The facts—at least the broad outlines and necessary highlights—are already well known, so the question is not: What did the president say and when did he say it?
All but a handful of the president’s most fervent Congressional cheerleaders know the answers. We also know that what he said and did is not okay. And, by the time of the Senate trial, the question will no longer be: Is what he did and said impeachable? That process will by then be done.
Unable to defend his inappropriate conduct or his imperfect conversations, the president’s defenders increasingly argue in the alternative about elections past and future. Trump cannot be removed, they say, as that would constitute a coup overturning the last election. Or Trump cannot be removed because it’s too close to the next election.
For those who assert that impeachment and removal constitute an invalidation of the last election:
- Donald Trump was elected 36 months ago, with pluralities in 30 states and 2.9 million fewer popular votes than his principal opponent;
- Richard Nixon left office 21 months after being elected with majorities in 49 states and 18 million more popular votes than his opponent.
Nixon’s then-recent electoral success did not dissuade leading Republicans from recognizing that the president’s high crimes and misdemeanors meant he had to be not only impeached, but also removed from office.
Two days after release of the infamous “smoking gun” tape, the party’s last presidential nominee (Senator Barry Goldwater), joined by the Republican leaders in the House (John Rhodes) and Senate (Hugh Scott), explained to President Nixon in the Oval Office that nearly two-thirds of the 42 Republicans in the Senate (and a similar percentage in the House) now supported impeachment and removal.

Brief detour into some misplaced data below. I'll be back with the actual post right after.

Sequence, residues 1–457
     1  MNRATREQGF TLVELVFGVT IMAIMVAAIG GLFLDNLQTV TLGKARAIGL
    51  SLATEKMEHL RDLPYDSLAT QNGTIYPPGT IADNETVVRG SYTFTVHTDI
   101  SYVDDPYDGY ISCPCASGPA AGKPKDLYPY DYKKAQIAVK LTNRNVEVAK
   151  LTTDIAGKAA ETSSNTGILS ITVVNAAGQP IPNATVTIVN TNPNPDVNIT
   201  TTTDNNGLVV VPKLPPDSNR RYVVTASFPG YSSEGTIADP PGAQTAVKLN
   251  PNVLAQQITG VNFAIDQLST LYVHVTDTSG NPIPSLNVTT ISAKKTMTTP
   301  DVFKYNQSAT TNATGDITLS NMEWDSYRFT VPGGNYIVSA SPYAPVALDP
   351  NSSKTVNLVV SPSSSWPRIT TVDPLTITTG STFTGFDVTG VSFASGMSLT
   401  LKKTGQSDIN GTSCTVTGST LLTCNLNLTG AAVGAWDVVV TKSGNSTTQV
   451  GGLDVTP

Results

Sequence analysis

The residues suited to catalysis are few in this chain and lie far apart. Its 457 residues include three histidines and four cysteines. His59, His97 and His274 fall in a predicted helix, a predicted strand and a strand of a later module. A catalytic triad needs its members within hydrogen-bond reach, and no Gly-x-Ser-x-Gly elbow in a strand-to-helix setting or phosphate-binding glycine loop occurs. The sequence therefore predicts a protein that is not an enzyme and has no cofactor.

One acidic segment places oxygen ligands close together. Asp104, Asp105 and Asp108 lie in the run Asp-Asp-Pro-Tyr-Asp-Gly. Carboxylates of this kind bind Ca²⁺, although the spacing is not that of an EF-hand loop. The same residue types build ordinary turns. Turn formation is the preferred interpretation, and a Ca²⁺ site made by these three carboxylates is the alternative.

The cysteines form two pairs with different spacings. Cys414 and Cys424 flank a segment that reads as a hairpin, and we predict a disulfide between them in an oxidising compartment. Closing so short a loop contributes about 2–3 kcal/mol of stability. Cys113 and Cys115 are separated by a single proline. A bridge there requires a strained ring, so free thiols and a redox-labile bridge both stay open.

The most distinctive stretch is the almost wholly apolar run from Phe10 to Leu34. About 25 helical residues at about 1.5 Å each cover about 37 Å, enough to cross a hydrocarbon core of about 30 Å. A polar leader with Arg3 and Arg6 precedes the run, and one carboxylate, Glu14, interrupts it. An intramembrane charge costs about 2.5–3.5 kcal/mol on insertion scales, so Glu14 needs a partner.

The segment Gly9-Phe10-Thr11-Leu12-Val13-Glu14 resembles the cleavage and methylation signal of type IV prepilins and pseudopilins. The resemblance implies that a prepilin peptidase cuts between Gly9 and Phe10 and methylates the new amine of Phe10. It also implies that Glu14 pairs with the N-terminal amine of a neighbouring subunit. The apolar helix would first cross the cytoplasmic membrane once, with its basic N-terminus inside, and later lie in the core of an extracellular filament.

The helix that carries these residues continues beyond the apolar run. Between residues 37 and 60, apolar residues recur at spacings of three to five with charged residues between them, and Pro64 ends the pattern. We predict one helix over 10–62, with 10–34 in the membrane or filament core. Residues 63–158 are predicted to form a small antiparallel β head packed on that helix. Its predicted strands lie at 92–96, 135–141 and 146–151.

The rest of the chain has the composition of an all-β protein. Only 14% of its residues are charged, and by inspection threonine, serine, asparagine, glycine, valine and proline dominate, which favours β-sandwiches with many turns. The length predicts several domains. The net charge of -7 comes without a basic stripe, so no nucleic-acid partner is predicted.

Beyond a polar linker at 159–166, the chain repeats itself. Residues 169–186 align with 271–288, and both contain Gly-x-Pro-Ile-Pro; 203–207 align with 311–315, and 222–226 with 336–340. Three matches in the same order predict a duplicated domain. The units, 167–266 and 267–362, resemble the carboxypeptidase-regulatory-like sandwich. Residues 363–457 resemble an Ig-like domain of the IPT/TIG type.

Nixon resigned the next day, less than two years after a resounding reelection in which he won the third-highest popular vote and Electoral College percentage victories in U.S. history. If that move didn’t invalidate the 1972 election to force Nixon to resign in 1974, it would not invalidate the 2016 election to proceed against Trump in 2019 and 2020.
Ironically for Trump’s defenders, their argument that this should be decided at the ballot box in the next election reveals precisely why he must be removed from office and disqualified from running again.
When it comes to foreign election interference: Fool America once, shame on Trump and his foreign supporters; fool America twice, shame on America. Russia helped Trump in the last election; he has already pressured Ukraine and asked China for help in the next one.
As so often, the wisdom of our Constitutional Framers is instructive. Spoiler alert: Alexander Hamilton (in Federalist No. 72) knew Trump was coming:
An avaricious man, who might happen to fill the office, looking forward to … yield[ing] up the emoluments he enjoyed … might not scruple to have recourse to the most corrupt expedients.
An ambitious man, too, when … seated on the summit of his country’s honors, … would be … violently tempted to embrace a favorable conjuncture for attempting the prolongation of his power, at every personal hazard.
Put another way, Donald Trump likes how he can line his and his family’s pockets with emoluments—at his D.C. hotel, his far-flung golf resorts, Mar-a-Lago. Now, with the potential of election loss next year, he makes “recourse to the most corrupt expedients.” He is indeed “violently tempted” to every effort to prolong his power.
Our Framers expected, our Constitution allows, and our national ideals demand that Donald Trump be prevented from cheating in the next election. Other than denying him the Republican party nomination, impeachment by the House and removal and disqualification by the Senate is the only remedy.